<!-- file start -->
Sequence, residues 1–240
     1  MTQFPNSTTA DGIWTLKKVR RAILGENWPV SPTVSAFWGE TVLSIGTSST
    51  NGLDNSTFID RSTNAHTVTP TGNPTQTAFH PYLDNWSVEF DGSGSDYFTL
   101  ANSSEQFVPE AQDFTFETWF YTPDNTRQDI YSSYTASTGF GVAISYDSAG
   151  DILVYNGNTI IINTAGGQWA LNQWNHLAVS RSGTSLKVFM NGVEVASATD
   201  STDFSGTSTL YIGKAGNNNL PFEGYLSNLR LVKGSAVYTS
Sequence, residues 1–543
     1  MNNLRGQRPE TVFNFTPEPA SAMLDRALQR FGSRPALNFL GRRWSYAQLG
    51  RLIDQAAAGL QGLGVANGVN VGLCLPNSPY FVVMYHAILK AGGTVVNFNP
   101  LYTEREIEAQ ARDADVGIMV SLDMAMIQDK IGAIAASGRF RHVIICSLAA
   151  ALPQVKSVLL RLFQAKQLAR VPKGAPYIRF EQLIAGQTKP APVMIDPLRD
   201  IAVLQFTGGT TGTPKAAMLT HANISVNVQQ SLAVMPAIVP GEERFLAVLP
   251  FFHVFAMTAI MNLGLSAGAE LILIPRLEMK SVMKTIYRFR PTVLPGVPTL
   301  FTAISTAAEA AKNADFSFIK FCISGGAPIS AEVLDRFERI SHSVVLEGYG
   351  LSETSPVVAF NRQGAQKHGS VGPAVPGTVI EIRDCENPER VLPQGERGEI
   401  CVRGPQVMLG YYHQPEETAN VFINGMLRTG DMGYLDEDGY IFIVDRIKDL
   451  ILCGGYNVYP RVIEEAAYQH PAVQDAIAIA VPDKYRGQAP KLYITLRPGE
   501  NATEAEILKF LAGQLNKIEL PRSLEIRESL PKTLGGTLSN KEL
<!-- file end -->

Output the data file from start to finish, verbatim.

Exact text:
Sequence, residues 1–240
     1  MTQFPNSTTA DGIWTLKKVR RAILGENWPV SPTVSAFWGE TVLSIGTSST
    51  NGLDNSTFID RSTNAHTVTP TGNPTQTAFH PYLDNWSVEF DGSGSDYFTL
   101  ANSSEQFVPE AQDFTFETWF YTPDNTRQDI YSSYTASTGF GVAISYDSAG
   151  DILVYNGNTI IINTAGGQWA LNQWNHLAVS RSGTSLKVFM NGVEVASATD
   201  STDFSGTSTL YIGKAGNNNL PFEGYLSNLR LVKGSAVYTS
Sequence, residues 1–543
     1  MNNLRGQRPE TVFNFTPEPA SAMLDRALQR FGSRPALNFL GRRWSYAQLG
    51  RLIDQAAAGL QGLGVANGVN VGLCLPNSPY FVVMYHAILK AGGTVVNFNP
   101  LYTEREIEAQ ARDADVGIMV SLDMAMIQDK IGAIAASGRF RHVIICSLAA
   151  ALPQVKSVLL RLFQAKQLAR VPKGAPYIRF EQLIAGQTKP APVMIDPLRD
   201  IAVLQFTGGT TGTPKAAMLT HANISVNVQQ SLAVMPAIVP GEERFLAVLP
   251  FFHVFAMTAI MNLGLSAGAE LILIPRLEMK SVMKTIYRFR PTVLPGVPTL
   301  FTAISTAAEA AKNADFSFIK FCISGGAPIS AEVLDRFERI SHSVVLEGYG
   351  LSETSPVVAF NRQGAQKHGS VGPAVPGTVI EIRDCENPER VLPQGERGEI
   401  CVRGPQVMLG YYHQPEETAN VFINGMLRTG DMGYLDEDGY IFIVDRIKDL
   451  ILCGGYNVYP RVIEEAAYQH PAVQDAIAIA VPDKYRGQAP KLYITLRPGE
   501  NATEAEILKF LAGQLNKIEL PRSLEIRESL PKTLGGTLSN KEL